3) How long have you been writing poetry?

I’ve always written poetry since I was a child. It was my outlet to get away from everything going on around me. I became more passionate about writing as I got older.

4) Do you have a favorite poet?

I have many favorite writers, but my all time inspiration is Maya Angelou.

5) What influenced you to submit to WILDsound and have your poetry performed by a professional actor?

I wanted to showcase my gift of writing and being a poet. I have a lot of poetry and I feel as though it’s time to share my work with the world!

6) Do you write other works? scripts? Short Stories? Etc..?

I just became a published author to my first book entitled “A Diamond In God’s Dirt” which is a memoir about my life. I also have incorporated within my book some poems that I’ve written over the years. I am currently working on a short story, another book, a documentary, and a short film!

7) What is your passion in life?

My passion in life is to inspire, motivate, and encourage kids, adults, and all people who are hopeless and want to give up in life and on their goals, and those who feel like they can’t continue on in life. I want to reach them!

Upon That Old Rugged Cross – Poetry Reading by Nicole Martin

    Watch the poetry reading of UPON THAT OLD RUGGED CROSS

Poem performed by actor Dan Cristofori.

Read interview with poet Nicole Martin:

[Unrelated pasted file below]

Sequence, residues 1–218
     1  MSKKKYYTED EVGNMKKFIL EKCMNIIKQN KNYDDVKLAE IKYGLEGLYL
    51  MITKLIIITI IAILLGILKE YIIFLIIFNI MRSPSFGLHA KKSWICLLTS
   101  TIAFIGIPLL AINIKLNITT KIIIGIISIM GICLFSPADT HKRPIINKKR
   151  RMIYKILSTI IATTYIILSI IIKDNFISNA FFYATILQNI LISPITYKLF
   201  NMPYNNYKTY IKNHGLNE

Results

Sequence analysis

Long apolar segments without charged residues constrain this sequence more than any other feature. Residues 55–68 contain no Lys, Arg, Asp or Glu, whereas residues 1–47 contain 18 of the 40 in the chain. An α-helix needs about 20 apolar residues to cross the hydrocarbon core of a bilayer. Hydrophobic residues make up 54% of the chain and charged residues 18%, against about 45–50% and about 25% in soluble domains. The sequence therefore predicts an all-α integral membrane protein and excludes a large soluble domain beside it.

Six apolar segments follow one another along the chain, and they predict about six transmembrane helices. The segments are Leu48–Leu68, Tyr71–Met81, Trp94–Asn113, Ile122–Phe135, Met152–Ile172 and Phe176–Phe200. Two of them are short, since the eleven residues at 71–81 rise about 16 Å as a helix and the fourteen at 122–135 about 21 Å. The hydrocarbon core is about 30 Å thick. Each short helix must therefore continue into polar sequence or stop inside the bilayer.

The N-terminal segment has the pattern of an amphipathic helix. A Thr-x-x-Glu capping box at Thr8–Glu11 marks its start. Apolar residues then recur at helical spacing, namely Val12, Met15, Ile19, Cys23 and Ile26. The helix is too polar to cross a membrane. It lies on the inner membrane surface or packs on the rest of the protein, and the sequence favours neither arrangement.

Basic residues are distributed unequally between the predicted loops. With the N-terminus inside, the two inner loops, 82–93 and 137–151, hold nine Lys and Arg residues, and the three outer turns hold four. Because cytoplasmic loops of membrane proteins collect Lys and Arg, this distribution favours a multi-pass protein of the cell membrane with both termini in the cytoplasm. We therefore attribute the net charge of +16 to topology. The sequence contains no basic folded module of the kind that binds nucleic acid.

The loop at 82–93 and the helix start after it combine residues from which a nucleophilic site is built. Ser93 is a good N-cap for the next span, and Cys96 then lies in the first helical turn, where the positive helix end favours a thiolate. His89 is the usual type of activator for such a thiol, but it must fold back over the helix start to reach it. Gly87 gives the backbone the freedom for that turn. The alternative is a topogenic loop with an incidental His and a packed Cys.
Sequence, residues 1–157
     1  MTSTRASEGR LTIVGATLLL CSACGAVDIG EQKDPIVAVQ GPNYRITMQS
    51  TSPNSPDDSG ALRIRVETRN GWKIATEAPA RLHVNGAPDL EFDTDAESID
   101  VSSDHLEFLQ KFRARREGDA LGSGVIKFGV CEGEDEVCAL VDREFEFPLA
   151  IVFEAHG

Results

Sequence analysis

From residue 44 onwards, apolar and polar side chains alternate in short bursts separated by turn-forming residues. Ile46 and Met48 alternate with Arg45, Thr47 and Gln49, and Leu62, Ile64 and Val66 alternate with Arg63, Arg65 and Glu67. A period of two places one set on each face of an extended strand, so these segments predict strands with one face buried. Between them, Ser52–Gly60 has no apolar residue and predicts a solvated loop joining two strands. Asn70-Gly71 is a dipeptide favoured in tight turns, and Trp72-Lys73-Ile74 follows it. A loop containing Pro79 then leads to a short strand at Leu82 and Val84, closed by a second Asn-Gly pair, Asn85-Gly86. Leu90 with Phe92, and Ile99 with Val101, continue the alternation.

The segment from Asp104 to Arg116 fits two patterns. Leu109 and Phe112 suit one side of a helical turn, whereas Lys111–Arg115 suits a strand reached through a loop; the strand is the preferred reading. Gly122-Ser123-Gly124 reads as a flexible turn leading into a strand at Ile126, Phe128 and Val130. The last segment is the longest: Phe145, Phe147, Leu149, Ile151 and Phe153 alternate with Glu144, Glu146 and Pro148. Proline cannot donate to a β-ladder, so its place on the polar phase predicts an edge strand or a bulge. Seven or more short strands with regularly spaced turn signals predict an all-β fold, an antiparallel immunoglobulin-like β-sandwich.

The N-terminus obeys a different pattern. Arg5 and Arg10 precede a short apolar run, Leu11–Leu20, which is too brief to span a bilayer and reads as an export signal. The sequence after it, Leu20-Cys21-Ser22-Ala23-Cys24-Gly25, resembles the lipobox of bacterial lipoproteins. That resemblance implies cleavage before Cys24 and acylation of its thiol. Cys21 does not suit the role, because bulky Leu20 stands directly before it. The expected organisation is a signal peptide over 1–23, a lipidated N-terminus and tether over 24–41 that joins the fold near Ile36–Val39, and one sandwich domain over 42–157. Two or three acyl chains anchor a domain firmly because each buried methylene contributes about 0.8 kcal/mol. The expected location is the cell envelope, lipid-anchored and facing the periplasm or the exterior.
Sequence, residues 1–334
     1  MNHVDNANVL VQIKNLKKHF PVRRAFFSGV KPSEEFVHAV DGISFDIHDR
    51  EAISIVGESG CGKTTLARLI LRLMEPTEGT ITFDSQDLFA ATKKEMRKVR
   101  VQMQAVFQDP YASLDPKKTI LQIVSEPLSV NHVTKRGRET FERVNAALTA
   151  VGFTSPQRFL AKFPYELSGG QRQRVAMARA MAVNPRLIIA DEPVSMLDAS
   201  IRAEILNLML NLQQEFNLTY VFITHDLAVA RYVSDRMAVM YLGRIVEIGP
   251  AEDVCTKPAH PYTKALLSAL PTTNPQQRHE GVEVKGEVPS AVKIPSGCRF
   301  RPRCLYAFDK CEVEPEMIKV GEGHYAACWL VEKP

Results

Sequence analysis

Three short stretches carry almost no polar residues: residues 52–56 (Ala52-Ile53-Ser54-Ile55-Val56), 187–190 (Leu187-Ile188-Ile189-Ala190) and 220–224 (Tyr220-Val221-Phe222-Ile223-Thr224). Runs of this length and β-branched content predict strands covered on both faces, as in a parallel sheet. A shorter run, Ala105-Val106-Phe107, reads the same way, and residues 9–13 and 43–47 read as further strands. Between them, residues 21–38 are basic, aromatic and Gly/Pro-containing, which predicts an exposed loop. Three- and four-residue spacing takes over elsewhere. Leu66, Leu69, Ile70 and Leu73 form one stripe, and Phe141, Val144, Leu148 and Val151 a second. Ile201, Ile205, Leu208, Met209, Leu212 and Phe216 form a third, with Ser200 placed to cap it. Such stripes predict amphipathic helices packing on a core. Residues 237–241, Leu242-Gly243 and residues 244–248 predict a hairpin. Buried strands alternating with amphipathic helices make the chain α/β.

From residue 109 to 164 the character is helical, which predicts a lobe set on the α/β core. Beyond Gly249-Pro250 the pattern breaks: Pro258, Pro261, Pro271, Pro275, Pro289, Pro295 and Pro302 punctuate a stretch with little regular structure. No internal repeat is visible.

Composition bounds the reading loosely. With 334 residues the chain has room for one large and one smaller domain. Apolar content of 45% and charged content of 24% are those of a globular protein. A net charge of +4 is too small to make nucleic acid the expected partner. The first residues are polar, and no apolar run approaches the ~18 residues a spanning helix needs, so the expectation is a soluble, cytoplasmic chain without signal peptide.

1) What is the theme of your poem?

Love won

2) How would you like people to respond when they read or watch your poetry reading?

That there is someone out there who loves them and is willing to give them as many chances as possible because He loves them. I want them to feel that presence of love and feel that tugging at their heart and just embrace it.

3) How long have you been writing poetry?

For as long as I can remember. It came easy to me as a way of expressing myself through my writings than actually speaking them out loud.

4) Do you have a favorite poet?

To be honest, I don’t really have a favorite

5) What influenced you to submit to WILDsound and have your poetry performed by a professional actor?

I prayed about it and I felt like this was something I felt lead to do and it’s honestly the best decision I’ve made because I wasn’t looking for anything to come of it. I didn’t think anyone would actually like it and I am so thankful that people like it.

6) Do you write other works? scripts? Short Stories? Etc..?

I have two books out. Home, and Free just came out recently and I write a lot, but I haven’t written anything other than blogs or motivational stuff on facebook.

7) What is your passion in life?